Women of Washington

Communicating America’s Founding Principles

Women of Washington is an educational organization with a focus on understanding local, national, and global issues that are critical to our world today.


By Judy Leithe, Contributing Editor 

Approximately five percent of the Massachusetts soldiers at the Battle of Bunker Hill (June 17, 1775) were free black men, according to the U.S. Department of the Interior.  One such man was Salem Poor from Andover, Massachusetts.  As the War of Rebellion became inevitable he, and fellow New Englanders, rallied to the patriot cause for freedom from the British Crown, and joined the newly formed Continental Army. 

Massachusetts didn't officially abolish slavery until 1865 with the passage of their Thirteenth Amendment.  However, slaves were able to buy their freedom even years earlier.  in 1769 Salem Poor became a free man at a price of twenty-seven pounds, which represented one year's salary for the typical working man.  He later married Nancy, a free African-American woman, and they had a son, Jonah.  Like so many other men, Poor had to leave his family when he enlisted to fight against the British in George Washington's daring and provocative battle at Bunker Hill, as well as battles at Saratoga, and Monmouth. 

The Massachusetts State Archives has an historic petition, which was submitted to the General Court in December 1775, just six months after the Battle of Bunker Hill.  In the document a soldier described the actions of Salem Poor as, "...he behaved like an experienced officer...and he was a brave and gallant soldier."  As further testament, the document was signed by Colonel William Prescott and thirteen other officers who were present at this crucial battle.  Of the close to 3,500 colonists who participated at Bunker Hill, no other man was singled out in this manner.

Throughout the northern colonies, it has been estimated that at least 5,000 black soldiers fought on the Patriot side of the war.  The British were eager to exploit the vulnerability of the southern slaveholders, whose population ratio between whites and blacks in 1775 was nearly 1:1.  The British Governor of Virginia, Lord Dunmore, issued a proclamation promising to free any slave of a "rebel" who could make it to the British lines.  Those who hazarded the journey soon found that they were put to work as cooks, camp cleaners, and tending to the wounded.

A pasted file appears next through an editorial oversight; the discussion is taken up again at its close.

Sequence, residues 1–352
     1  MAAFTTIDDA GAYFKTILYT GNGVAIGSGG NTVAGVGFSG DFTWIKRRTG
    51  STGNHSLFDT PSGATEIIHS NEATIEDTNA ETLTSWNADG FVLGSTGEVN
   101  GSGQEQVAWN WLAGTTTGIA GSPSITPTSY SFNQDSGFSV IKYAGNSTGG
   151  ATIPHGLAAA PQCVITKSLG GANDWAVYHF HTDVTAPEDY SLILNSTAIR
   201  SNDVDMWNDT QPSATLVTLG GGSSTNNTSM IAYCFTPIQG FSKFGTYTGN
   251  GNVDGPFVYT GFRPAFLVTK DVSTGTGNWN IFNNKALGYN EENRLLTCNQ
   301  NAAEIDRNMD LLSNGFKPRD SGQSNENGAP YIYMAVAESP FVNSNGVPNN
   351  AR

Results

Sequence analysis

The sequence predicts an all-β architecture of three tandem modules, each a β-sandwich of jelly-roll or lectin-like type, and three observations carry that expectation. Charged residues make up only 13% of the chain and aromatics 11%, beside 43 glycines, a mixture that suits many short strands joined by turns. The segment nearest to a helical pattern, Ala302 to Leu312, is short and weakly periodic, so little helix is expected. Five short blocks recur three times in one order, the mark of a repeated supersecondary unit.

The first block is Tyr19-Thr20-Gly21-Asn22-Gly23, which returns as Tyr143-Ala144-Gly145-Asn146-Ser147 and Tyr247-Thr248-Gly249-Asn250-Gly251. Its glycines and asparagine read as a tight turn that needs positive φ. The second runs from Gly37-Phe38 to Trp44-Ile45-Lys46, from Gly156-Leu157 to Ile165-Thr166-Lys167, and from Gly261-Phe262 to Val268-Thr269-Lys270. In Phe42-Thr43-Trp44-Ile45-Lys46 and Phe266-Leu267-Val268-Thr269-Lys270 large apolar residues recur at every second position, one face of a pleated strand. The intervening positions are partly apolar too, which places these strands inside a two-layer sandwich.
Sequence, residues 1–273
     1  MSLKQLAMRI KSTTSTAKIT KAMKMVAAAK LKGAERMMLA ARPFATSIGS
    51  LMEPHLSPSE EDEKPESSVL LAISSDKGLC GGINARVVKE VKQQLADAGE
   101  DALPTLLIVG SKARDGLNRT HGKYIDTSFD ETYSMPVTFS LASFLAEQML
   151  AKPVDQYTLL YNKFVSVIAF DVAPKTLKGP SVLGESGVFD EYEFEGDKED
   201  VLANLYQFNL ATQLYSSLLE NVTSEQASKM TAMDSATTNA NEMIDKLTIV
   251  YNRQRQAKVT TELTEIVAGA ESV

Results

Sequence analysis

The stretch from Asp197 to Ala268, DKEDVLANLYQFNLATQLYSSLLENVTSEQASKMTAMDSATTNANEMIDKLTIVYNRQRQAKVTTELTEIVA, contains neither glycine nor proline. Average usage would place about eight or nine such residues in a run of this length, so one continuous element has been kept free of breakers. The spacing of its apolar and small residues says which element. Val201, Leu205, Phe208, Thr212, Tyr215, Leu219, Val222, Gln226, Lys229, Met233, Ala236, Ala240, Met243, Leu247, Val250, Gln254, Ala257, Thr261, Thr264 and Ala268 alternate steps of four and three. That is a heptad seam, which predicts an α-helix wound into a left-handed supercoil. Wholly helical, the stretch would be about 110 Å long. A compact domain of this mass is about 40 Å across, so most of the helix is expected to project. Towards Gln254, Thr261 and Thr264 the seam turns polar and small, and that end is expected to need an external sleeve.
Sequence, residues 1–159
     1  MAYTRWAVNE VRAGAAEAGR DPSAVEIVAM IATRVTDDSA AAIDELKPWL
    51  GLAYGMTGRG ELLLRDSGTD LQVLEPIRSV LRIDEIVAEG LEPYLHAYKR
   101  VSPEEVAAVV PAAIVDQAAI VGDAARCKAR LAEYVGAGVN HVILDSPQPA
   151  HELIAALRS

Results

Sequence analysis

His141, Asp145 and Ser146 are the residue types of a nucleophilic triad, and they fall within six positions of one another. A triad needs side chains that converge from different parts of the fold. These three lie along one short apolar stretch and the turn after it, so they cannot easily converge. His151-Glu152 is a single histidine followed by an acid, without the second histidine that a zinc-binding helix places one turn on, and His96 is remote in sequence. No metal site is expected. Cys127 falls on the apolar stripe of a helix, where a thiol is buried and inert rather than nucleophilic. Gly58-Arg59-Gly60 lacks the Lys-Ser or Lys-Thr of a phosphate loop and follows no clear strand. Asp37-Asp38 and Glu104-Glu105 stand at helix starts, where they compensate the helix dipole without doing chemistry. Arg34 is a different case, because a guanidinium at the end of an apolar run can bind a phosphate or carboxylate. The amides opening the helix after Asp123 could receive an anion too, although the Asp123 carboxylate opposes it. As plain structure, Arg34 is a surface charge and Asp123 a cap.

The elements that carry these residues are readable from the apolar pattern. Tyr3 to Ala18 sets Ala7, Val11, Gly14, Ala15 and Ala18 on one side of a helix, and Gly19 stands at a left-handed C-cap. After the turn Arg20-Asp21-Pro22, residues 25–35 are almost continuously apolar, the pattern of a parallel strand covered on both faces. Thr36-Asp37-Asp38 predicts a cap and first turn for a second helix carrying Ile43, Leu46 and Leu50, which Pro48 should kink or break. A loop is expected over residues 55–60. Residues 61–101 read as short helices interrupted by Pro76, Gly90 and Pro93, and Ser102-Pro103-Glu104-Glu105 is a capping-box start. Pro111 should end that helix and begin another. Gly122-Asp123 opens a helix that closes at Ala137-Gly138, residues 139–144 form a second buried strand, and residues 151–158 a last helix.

Many of the Founding Fathers, who risked "their lives, their fortunes, and their sacred honor" were committed to a nation where "All men are created equal..."  Their intention was to unite thirteen very independent colonies under one constitution.  Many people in the small colonies mistrusted the large ones; the larger colonies felt they deserved more representation because of their size; some had their own currencies; and, there were even border skirmishes between some colonies.   The Founder's task was monumental, and their success was deemed a miracle by most present at the Continental Convention in 1776.  

Their vision of equality was clear from the beginning.  John Adams, from Massachusetts, was always vehemently opposed to slavery and, by 1775, Benjamin Franklin became the President of the Pennsylvania Abolition Society.  The Founders from southern colonies were born into the plantation culture, where their agriculturally-based economy was, at that time, absolutely dependent upon slavery. 

A word about George Washington and slavery: He was born in Virginia and after his father's death, inherited property and slaves when he was twelve years old.  As his holdings grew, through further inheritances as well as marriage, the number of slaves grew also.  Washington's feats of heroism and sacrifice on behalf of his country are unparalleled.  But slavery weighed heavily on his mind as he balanced the life of a Virginia gentleman with the demands of war, and later, his presidency.  While having to learn to be a slave holder, Washington cared about the welfare of his slaves.  Historian Henry Wiencek writes that in 1790, Washington built a brick greenhouse structure, "...an architecture of great beauty and permanence...replacing old, ramshackle slave housing."  Wiencek writes that, "Freeing his slaves is one of Washington's greatest legacies."  In his will, Washington emancipated his slaves, while providing support for elderly or ill slaves for the rest of their lives.  He left instructions for slave children to be taught to read and write, as well as proficiency in a useful trade, and to be freed by the age 25.